Taking control of Carroll's future No sense in hiring outside expert when local consensus must come first.

February 02, 1996

BEFORE THE Carroll County commissioners pay $250,000 to land-use guru Robert Freilich to develop a growth management plan, they ought to develop the political consensus that will be absolutely necessary to really control Carroll's residential development. Otherwise, the county might spend a tremendous amount of money to create a growth strategy that would never get enacted.

During his recent two-day presentation to county leaders and residents, Mr. Freilich, of Kansas City, outlined in very broad strokes the shortcomings of the county's current approach to development and outlined some remedies. None of his observations was new or startingly. Many of his conclusions have been sounded by others over the years. His prescriptions -- developing an industrial base, requiring roads and schools to be built before approving more development -- have appeared in various reports, studies and in this editorial space.

Nevertheless, countians should be grateful that Mr. Freilich has contributed a sense of urgency to the discussion. His forceful comments and visible outrage about past and current practices made it clear that continuing the status quo would be disastrous.

Carroll's planning commissioners and the county planning department have enough technical expertise to conduct public meetings, develop new policies and rework the master plan to better manage growth in the future. Their more daunting task will be to develop the political will to actually follow the dictates of such a plan.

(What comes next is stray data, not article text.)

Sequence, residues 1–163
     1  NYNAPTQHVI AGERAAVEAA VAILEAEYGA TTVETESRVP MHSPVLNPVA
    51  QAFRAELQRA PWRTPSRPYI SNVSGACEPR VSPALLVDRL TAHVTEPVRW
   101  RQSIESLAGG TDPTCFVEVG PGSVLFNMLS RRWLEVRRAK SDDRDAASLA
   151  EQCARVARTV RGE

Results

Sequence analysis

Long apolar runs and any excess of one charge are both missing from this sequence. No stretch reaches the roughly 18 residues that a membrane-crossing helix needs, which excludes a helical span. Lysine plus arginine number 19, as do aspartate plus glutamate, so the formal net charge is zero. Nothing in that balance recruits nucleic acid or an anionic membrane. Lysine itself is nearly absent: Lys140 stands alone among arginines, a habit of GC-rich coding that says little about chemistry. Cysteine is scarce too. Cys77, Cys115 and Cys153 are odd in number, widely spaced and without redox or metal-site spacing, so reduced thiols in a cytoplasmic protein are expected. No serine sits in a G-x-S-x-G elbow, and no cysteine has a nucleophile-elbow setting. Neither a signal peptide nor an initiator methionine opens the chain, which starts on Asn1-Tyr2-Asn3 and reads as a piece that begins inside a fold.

At present, no consensus exists among county leaders. State Sen. Larry Haines' recent proposal to exempt small subdivisions on agricultural land from the adequate facilities law flies in the face of efforts to control growth. Meanwhile, the commissioners have yet to develop a coherent strategy for assisting Carroll's towns in how to deal with the development that is to be funneled their way.

Mr. Freilich's dynamism is impressive and can be tapped periodically if the effort to control growth starts flagging. However, managing growth should be a home-grown, grass-roots endeavor. Not only is it a lot cheaper, it will be more effective than a plan designed by an outside expert.

Baltimore Sun Articles
|
|
|
Please note the green-lined linked article text has been applied commercially without any involvement from our newsroom editors, reporters or any other editorial staff.